Marcel Gleffe, a German tourist, saved 30 people in the massacre on Norway's Utoya Island.
On Friday, a gunman took the lives of 86 people on Norway’s Utoya Island. It’s an unspeakable tragedy—yet the damage may have been far worse if not for the heroic acts of Marcel Gleffe, a German tourist who was camping on the mainland nearby when the shots began to ring out.
At first, he thought the sounds might have been fireworks—but when he saw the plumes of smoke from the gunfire, he knew that the situation was deadly. Even so, he didn’t hesitate to get involved.
Gleffe raced his motorboat over to the island, where he found a group of people in the water. Some of them had already been shot, and were in serious condition. He threw out life jackets, and helped as many of them as possible climb into his boat to return to the mainland, taking those with the worst injuries first.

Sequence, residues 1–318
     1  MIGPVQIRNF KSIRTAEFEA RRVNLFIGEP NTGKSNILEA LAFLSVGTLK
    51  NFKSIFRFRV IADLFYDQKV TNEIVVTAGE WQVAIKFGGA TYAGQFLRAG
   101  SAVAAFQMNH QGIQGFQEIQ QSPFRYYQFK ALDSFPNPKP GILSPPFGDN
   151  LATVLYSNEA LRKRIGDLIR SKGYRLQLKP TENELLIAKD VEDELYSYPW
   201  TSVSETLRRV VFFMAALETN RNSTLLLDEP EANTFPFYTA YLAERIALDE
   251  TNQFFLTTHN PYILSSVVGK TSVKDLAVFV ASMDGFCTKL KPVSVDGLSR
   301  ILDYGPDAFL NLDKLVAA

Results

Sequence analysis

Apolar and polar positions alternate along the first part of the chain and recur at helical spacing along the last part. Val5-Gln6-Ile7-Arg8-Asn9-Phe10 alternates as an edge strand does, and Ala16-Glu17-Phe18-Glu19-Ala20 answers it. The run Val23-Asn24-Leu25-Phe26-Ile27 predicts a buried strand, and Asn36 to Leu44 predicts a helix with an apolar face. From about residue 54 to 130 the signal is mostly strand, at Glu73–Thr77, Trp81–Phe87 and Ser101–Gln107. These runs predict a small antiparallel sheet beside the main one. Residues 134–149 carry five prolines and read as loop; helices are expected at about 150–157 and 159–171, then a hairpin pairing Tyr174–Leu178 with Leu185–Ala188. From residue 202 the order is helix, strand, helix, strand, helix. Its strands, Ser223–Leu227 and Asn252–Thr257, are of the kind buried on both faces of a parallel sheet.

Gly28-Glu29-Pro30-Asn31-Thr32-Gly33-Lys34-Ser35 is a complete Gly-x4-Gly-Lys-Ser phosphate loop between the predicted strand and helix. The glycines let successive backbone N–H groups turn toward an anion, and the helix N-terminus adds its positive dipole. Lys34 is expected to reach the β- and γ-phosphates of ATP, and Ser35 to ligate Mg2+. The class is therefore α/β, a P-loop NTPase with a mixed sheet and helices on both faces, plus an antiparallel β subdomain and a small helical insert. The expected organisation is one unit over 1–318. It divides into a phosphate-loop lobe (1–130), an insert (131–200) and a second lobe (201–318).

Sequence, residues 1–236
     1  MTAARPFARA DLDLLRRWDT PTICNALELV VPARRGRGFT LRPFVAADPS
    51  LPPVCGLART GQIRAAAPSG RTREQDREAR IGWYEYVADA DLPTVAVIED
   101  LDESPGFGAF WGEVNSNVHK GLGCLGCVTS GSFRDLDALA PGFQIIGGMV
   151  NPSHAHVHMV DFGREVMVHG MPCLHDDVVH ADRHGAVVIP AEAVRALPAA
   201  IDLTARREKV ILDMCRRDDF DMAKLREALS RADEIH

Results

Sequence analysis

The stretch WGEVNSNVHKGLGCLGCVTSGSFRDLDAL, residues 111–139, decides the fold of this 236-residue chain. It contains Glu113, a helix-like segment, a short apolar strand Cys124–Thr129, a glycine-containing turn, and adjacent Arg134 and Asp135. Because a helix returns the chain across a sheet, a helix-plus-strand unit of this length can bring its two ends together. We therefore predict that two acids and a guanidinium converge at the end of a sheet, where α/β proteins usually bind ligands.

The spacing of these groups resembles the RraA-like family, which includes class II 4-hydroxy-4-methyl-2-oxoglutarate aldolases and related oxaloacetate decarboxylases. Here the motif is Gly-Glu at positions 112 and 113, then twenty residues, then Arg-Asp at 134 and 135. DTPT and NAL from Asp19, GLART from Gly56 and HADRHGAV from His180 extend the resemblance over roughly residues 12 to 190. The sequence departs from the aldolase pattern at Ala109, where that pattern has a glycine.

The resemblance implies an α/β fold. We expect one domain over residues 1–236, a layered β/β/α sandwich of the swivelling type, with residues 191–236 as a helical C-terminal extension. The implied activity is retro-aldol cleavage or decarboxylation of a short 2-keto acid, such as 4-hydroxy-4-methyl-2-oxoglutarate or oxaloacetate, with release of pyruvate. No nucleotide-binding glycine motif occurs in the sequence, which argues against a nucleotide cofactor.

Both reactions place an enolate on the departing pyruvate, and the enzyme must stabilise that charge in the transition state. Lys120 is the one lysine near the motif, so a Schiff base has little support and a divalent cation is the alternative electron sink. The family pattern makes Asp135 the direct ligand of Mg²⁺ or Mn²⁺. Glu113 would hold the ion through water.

Police hadn’t responded yet, so Gleffe was the first rescuer on the scene. He made four or five trips before the police arrived and told him they no longer required assistance.
Gleffe knew that the gunman was still roaming the island when he made his rescue missions, but he was prepared to risk his own life to save as many people as he could. Altogether, he rescued 30 people.
“I just did it on instinct,” he told the Telegraph. “You don’t get scared in a situation like that, you just do what it takes. I know the difference between fireworks and gunfire. I knew what it was about, and that it wasn’t just nonsense.”comments powered by Disqus